May 22, 2012 12:53 PM EDT
Most of us know that what you post on Facebook is often seen by more than just your Facebook friends. Some employers use it as a tool to check out applicants. Some journalists have used it as a way to gain information.
Maurice Eisenstein, a political science professor at Purdue University, is suing school officials over the fallout from a Facebook post he made.
On his personal account, Eisenstein posted, "Christians killed by a radical Muslim group" in Nigeria and wrote, "Where are the 'moderate' Muslims' reactions to this? Oh, I forgot they are still looking at the earth as flat according to the idiot Mohammed, may his name be cursed."
The PUC Muslim Student Association, faculty members and students filed harassment and discrimination complaints against the professor.
After months of discussion, Eisenstein was eventually cleared of violating the school's bias policy but not for allegedly retaliating against two professors who had complained.
"They're interpreting free speech as any speech that doesn't offend or make someone feel bad," Eisenstein said. He said he was told by the school that they were worried that the remark would make foreign students from Saudi Arabia feel bad.
Adam Kissel, vice president of programs for the Foundation of Individual Rights in Education, said it seems like there is more monitoring of social media than ever before.
And with this software and databases at their fingertips, college students are also learning to be careful what they post.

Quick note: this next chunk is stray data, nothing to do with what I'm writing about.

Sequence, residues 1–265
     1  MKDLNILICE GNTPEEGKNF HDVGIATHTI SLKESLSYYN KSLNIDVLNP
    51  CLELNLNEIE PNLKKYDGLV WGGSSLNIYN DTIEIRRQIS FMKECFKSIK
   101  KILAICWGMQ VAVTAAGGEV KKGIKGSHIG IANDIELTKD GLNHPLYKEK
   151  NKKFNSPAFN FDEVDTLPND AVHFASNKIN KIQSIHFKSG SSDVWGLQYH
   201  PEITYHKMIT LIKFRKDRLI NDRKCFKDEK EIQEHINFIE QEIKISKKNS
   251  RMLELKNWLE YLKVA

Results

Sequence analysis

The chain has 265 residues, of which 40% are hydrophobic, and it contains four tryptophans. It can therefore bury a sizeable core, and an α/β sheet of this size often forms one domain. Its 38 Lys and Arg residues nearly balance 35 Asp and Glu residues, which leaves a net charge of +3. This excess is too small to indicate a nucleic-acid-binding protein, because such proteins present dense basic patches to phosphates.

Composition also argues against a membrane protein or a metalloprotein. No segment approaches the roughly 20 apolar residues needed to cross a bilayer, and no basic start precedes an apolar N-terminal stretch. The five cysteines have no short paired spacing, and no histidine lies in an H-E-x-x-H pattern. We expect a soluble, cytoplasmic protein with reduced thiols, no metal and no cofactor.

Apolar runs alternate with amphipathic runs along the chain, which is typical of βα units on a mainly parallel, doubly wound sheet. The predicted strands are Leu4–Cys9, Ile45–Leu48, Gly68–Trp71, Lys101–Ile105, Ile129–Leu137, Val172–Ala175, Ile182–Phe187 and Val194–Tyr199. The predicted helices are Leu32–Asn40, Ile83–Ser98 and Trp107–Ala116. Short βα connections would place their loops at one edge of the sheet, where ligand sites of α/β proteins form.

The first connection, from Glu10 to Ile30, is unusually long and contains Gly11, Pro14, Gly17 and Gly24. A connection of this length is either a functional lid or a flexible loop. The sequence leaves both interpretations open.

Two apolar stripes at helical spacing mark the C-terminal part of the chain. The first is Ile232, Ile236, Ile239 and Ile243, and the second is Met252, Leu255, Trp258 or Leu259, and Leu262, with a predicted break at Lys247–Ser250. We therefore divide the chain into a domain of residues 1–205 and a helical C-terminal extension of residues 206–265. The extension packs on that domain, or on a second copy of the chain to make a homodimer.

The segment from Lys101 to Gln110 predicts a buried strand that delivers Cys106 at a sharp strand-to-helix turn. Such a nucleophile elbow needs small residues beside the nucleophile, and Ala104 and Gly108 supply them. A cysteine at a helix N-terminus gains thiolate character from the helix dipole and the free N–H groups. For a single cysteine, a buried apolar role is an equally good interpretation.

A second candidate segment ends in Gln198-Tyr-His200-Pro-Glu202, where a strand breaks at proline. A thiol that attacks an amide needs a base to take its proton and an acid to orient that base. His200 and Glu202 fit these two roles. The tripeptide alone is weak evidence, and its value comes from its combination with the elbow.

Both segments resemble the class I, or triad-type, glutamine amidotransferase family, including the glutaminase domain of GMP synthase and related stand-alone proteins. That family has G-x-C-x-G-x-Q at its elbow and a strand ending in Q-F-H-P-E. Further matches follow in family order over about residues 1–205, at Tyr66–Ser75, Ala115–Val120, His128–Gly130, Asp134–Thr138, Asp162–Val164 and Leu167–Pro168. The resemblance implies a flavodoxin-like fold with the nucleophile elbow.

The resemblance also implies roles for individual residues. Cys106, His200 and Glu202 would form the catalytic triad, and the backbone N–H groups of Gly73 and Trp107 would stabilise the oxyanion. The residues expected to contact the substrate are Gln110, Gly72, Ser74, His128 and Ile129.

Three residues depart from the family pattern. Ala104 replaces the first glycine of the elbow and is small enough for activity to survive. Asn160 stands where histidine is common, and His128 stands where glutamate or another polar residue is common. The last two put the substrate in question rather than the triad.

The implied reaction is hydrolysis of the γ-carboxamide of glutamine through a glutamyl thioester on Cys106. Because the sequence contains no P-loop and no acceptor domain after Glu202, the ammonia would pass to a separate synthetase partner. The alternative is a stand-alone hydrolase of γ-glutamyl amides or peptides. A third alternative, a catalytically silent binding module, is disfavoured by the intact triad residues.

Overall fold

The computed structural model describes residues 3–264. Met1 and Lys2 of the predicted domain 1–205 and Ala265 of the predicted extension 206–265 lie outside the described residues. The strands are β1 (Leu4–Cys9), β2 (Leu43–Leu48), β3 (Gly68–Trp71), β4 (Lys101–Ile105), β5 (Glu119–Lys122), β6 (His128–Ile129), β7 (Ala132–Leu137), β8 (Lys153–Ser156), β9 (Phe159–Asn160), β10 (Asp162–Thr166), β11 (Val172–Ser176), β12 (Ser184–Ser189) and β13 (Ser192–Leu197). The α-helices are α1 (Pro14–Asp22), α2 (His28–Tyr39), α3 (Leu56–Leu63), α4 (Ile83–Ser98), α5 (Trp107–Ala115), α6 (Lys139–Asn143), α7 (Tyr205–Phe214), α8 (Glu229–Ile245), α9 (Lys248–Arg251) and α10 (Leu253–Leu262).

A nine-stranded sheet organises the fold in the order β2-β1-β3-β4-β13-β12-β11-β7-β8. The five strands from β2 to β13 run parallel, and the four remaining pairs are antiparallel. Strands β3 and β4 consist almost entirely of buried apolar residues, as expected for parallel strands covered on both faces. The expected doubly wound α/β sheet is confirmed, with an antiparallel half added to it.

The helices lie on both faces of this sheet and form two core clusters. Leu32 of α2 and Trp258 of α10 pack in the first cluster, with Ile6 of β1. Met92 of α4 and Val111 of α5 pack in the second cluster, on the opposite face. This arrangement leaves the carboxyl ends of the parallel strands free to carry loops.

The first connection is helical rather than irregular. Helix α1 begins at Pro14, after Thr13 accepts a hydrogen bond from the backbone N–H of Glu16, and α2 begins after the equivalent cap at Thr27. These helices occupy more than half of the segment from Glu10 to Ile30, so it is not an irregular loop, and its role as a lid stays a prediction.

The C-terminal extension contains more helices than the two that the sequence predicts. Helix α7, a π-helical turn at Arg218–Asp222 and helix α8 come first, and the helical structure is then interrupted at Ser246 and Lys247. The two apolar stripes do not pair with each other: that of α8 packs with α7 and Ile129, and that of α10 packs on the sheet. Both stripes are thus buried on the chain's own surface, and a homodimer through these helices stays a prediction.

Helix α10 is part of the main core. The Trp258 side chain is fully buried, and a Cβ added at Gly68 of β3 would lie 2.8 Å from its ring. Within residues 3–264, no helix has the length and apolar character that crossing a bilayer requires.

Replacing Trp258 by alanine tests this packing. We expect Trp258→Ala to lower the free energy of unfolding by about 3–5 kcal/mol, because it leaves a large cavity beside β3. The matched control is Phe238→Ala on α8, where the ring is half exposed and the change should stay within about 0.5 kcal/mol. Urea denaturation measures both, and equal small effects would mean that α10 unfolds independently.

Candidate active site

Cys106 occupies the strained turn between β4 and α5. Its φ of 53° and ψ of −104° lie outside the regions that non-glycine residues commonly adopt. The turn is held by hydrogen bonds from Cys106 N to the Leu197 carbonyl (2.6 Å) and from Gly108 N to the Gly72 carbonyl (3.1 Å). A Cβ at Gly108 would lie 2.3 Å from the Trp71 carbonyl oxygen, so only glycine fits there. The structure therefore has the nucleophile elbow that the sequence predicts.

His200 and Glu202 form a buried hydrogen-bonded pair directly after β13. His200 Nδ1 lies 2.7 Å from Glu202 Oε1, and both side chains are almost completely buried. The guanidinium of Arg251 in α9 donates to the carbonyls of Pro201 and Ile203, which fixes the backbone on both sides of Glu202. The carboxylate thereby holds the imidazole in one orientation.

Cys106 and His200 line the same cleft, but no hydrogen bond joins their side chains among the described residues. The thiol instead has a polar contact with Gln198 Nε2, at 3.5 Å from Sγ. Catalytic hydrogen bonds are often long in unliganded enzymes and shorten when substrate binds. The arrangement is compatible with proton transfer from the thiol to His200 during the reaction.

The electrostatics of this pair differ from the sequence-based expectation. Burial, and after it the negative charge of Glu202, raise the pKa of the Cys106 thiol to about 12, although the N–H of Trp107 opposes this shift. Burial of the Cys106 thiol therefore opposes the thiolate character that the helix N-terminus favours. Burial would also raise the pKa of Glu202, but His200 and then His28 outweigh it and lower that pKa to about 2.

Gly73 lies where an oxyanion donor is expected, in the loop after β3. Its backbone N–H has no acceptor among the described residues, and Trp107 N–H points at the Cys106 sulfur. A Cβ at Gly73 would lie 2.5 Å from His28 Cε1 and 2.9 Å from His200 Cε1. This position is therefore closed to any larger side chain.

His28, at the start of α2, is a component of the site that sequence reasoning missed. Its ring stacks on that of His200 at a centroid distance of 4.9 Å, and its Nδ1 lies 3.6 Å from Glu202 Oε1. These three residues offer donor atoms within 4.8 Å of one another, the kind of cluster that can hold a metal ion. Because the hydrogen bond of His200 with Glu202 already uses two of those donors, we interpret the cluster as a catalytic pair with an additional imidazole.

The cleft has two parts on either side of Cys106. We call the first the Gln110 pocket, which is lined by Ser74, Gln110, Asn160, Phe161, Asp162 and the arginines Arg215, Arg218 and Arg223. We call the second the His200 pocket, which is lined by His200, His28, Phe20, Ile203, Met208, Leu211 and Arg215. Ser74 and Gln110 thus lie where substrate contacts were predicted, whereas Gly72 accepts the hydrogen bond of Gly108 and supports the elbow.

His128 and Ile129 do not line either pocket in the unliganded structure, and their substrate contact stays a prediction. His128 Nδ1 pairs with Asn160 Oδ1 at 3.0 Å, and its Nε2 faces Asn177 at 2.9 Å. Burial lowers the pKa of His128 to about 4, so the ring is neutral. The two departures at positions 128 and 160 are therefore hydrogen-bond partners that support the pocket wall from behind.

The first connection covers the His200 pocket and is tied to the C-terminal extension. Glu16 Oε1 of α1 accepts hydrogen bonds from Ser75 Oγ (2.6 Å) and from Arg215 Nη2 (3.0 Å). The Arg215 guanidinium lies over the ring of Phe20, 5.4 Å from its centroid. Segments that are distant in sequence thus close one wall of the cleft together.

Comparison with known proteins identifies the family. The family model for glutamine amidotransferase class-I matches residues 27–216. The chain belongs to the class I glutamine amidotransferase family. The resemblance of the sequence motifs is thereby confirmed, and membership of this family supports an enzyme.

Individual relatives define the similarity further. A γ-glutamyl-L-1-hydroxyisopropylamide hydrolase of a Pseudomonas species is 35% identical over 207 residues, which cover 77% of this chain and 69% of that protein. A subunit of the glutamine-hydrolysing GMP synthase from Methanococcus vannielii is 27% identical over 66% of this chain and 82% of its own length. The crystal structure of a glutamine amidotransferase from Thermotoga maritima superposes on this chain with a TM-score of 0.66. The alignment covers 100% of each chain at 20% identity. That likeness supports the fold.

Last year at Syracuse University, a satirical blog, SUCOLitis, was created and poked fun at the university's College of Law. Subsequently, a student was investigated for harassment by the College of Law.
This January, an expelled Syracuse graduate student, Matt Werenczak, was allowed to rejoin The School of Education program after being suspended for comments he made on his Facebook page.
According to an article in the Syracuse Daily Orange, Werenczak, who is white, posted on Facebook: "Just making sure we're okay with racism. It's not enough I'm ... tutoring in the worst school in the city, I suppose I oughta be black or stay in my own side of town."
The increased monitoring of Facebook by colleges and universities may become a fact of life. And despite everything that has happened to him, Eisenstein said he wants to still teach at Purdue and be able to make a stand for free speech while simultaneously teaching it.
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